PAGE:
Multiyear multiple paternity and mate fidelity in the American alligator, Alligator mississippiensis


  • S.L.L. studies local scale processes such as breeding strategies, survivorship, and dispersal and their combined effects on the maintenance and distribution of genetic diversity within and among populations. In addition, she examines the effect of environmental contaminant exposure on the interplay of behavior, demography, and population genetics. T.D.T. studies the conservation and management of reptile and amphibian populations with an emphasis on translocations and reintroductions. She also is interested in using genetics and long-term mark-recapture data as tools to better understand the ecology and life history of reptiles and amphibians. R.M.E. and P.L.T. study alligator ecology, physiology, nesting behavior, harvest management, egg ranching, and captive husbandry. In addition they both are very interested in waterfowl management. T.C.G. develops and uses DNA technologies to make discoveries and solve problems in ecology, evolution, and environmental health. Massively parallel sequencing technologies and non-traditional biomedical model organisms are current areas of emphasis. L.D. is interested in the application of genetic analyses to conservation practice. In particular she examines the conservation genetics of captive and wild red pandas and the molecular phylogeny of the orchid genus Spiranthes with implications for endangered taxa.

Stacey L. Lance, Fax: 803-725-3309; E-mail:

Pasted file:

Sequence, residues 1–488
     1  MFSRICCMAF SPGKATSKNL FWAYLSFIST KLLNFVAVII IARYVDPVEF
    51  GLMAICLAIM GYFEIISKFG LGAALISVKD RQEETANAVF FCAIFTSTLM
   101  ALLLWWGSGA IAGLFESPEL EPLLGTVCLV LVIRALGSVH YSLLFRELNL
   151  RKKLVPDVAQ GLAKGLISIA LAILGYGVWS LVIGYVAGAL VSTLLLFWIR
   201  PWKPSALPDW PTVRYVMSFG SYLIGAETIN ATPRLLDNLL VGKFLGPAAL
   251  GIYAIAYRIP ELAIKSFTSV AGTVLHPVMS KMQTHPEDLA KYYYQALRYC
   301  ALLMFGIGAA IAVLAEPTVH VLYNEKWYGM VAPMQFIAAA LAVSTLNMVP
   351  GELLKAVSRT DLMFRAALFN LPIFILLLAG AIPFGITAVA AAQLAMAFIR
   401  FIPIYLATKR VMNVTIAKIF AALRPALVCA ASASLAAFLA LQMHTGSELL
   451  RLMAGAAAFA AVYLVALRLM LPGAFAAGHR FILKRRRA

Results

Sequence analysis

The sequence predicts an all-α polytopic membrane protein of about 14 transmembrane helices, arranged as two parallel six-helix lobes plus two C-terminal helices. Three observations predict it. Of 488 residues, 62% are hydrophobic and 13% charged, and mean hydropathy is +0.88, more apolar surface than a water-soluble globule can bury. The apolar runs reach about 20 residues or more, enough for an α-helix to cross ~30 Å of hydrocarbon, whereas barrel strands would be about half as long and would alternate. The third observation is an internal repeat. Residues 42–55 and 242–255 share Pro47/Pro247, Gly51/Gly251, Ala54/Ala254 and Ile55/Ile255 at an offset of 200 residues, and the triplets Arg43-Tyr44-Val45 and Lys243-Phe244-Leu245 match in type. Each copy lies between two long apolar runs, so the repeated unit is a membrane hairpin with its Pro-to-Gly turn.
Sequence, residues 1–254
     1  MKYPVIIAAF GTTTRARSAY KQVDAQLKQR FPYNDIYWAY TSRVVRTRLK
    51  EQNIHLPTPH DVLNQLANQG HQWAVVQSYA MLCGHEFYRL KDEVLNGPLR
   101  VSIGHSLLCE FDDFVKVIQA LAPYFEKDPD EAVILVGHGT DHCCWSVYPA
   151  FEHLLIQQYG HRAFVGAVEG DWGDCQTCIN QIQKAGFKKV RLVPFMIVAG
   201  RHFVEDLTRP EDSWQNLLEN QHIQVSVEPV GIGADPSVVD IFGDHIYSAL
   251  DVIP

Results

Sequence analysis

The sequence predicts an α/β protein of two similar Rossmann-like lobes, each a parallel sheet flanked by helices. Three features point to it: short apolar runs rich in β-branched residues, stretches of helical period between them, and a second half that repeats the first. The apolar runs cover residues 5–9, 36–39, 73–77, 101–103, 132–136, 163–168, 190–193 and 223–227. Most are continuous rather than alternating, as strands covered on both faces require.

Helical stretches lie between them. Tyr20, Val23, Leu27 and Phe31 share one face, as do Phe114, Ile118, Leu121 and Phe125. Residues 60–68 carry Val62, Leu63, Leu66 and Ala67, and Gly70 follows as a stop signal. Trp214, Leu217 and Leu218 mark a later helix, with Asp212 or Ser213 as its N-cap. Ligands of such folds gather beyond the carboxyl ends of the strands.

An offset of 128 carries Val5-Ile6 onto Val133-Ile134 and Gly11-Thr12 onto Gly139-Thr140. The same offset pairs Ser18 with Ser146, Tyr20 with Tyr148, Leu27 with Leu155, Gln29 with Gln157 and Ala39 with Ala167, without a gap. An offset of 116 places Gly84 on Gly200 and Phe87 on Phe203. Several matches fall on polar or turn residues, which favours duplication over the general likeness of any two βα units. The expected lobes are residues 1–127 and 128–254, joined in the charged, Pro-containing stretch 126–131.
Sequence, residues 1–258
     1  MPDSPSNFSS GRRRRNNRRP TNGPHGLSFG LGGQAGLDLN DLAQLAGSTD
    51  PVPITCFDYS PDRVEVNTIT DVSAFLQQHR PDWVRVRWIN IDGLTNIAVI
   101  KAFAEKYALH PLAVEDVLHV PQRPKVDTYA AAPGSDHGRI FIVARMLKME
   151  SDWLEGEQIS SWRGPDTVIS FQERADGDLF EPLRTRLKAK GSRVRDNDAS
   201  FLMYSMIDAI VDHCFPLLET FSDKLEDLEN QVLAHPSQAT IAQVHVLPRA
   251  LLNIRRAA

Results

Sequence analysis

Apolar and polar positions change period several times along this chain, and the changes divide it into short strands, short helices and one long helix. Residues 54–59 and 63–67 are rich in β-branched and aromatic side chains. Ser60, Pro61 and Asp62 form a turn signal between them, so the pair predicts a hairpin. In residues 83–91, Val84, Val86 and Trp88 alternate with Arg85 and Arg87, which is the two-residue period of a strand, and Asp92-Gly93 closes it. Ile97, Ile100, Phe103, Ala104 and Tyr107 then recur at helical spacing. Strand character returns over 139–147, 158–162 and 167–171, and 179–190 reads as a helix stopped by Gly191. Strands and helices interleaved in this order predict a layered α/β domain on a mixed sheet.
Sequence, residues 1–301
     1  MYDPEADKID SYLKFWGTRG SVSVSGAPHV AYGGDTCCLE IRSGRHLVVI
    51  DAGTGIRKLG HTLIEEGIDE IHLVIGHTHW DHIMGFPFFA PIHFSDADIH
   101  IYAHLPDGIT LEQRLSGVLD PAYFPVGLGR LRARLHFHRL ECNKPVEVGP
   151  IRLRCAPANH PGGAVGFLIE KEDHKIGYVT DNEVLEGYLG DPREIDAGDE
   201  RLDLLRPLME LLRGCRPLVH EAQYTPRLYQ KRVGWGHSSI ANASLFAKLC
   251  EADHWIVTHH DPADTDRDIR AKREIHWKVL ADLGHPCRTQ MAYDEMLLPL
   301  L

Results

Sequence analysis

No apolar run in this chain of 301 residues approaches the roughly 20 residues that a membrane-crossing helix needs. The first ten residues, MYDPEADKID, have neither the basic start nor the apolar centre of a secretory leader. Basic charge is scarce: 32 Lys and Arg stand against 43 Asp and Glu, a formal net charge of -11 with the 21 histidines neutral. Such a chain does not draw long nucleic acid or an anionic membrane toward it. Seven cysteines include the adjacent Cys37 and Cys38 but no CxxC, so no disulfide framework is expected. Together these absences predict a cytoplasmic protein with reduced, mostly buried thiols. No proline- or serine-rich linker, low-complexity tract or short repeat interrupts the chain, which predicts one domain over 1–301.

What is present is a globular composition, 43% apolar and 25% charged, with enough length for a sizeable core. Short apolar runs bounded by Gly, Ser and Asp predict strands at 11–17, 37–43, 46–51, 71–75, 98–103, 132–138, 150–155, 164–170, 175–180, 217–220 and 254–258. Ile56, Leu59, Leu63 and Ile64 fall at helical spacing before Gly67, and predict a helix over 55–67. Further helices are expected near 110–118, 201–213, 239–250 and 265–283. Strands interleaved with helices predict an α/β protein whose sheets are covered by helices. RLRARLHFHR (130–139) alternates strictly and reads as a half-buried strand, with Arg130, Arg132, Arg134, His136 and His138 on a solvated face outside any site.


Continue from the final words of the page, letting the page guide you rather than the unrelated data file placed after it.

We examined multiple paternity during eight breeding events within a 10-year period (1995–2005) for a total of 114 wild American alligator nests in Rockefeller Wildlife Refuge in south-west Louisiana. Our goals included examining (i) within population variation in multiple paternity among years, (ii) variation in multiple paternity in individual females and (iii) the potential for mate fidelity. To accomplish this, in the current study, eggs were sampled from 92 nests over 6 years and analysed along with 22 nests from a previous 2-year study. Genotypes at five microsatellite loci were generated for 1802 alligator hatchlings. Multiple paternity was found in 51% of clutches and paternal contributions to these clutches were highly skewed. Rates of multiple paternity varied widely among years and were consistently higher in the current study than previously reported for the same population. Larger females have larger clutches, but are not more likely to have multiply sired nests. However, small females are unlikely to have clutches with more than two sires. For 10 females, nests from multiple years were examined. Seven (70%) of these females exhibited long-term mate fidelity, with one female mating with the same male in 1997, 2002 and 2005. Five females exhibiting partial mate fidelity (71%) had at least one multiple paternity nest and thus mated with the same male, but not exclusively. These patterns of mate fidelity suggest a potential role for mate choice in alligators.